You know, the Noctua NH-C14 CPU cooler definitely surprised me in terms of cooling performance. I mean it's hard to beat the massive dual-radiator dual-fan NH-D14, but somehow it managed to do exactly that, despite of having just one radiator. The trick here is that the Noctua NH-C14 CPU cooler makes use of the two massive 140mm fans, they suck in air at the (cooler) top side and blow it downwards and two of these fans create so much airflow that if you sit next to the PC open your hair will move.
Now that does bring me to a downside, this cooler was a tiny bit noisy. And despite the fact that the two fans used are the same is used on the D14 we measured a 40~41 DBa noise pressure. Residual noise is hard to explain as a DBa number doesn't is not an absolute but it has everything to do with the radiator design. The cooler design seems to create a slight 'whirling' noise. Not irritating, but not something I'm used to from Noctua coolers either.
Now, one thing I'd like to add is that the cooler comes with two sets of adaptor cables (Low-Noise-Adaptors and Ultra-Low-Noise Adaptors) which allow you to cap the speed to 900 and 750rpm respectively. Especially the latter setting makes the cooler virtually inaudible -- but at the cost of performance of course. There's no denying that the cooler makes itself heard at full fan speed, the idea here was to give users as much flexibility as possible. If they want the best possible performance and don't mind the noise, they can run it at full speed, but if you are more sensitive on noise, you can simply use the supplied adaptors.
The Noctua concept is still working really well. The dilemma anno 2010 though is that some people will dislike the sheer design/looks of the unit. I mean these are big cooler and the Noctua color schema is getting less popular as well. I'd LOVE to see an all black Noctua cooler with black colored fans, imaging the x-factor on such a design.
Performance overall is very comparable to the performance of Noctua's NH-D14 coolers and Zalman's CNPS 9900 MAX .
The Noctua NH-C14 CPU cooler also has a lot of additional capacity, we like that very much. The result as such is that the cooler becomes even more impressive when you start to overclock. In combo with this fan we overclocked our poor little 2.67 GHz processor to 4.2 GHz @ 1.5 volts. With that added 1.5 GHz overclock on all cores we started to stress all processor cores 100% once again and we barely reached 60 Degrees C, that is very impressive stuff to witness.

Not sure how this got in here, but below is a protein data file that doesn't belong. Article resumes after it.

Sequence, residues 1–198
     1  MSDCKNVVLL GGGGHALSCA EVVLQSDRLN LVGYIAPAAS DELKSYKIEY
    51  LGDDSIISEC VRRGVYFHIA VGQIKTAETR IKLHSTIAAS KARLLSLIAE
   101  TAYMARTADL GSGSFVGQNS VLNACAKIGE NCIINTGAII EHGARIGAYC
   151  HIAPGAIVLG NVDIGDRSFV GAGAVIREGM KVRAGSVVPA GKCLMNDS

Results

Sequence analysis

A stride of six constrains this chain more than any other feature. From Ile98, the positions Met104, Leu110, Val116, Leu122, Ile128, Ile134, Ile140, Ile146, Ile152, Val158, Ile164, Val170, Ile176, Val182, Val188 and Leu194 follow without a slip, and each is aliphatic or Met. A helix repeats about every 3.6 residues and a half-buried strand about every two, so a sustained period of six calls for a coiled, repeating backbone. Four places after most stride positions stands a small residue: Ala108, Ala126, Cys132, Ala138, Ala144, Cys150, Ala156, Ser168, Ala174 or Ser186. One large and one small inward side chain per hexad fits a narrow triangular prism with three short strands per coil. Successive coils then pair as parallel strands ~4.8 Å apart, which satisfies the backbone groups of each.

Mounting the Noctua NH-C14 CPU cooler is a breeze, Sure the motherboard will need to come out, but the mounting design and ease of use in installation is just great. Even a Philips screwdriver is included in the kit and you don't even have to disassemble the fans to install the cooler, just align the fan blades with the holes in the cooler and you are good to go.
Okay, it's time to end this article. Performance wise you'll achieve nearly perfect heatpipe based cooling which is downright impressive. The noise levels are manageable but even with the fan RPM capped in the BIOS you will be able to hear the cooler, nothing extreme though but it's there. The looks and aesthetics, well you either love or hate the design I guess, there is nothing in-between it. We would really like to recommend Noctua to look into aesthetics more, these coolers end up in high-end system, and these are all black or at least have a black base color these days.
But overall we feel the Noctua NH-C14 CPU cooler is a truly excellent performing cooler, the looks are a matter of taste, the performance grand and the noise levels OK. The product can be spotted for roughly 69 EUR in the stores as we speak and is covered by a 6-year carry in warranty.
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Noctua NH-C14 CPU cooler review In the long line of Noctua CPU coolers they introduced another CPU cooler, tagged with the name NH-C14, the heatpipes bent in a C shape and armed with not one, but two Noctua NF-P14 FLX 140mm fans this product is bound to keep any CPU released to date nicely cooled and chilled.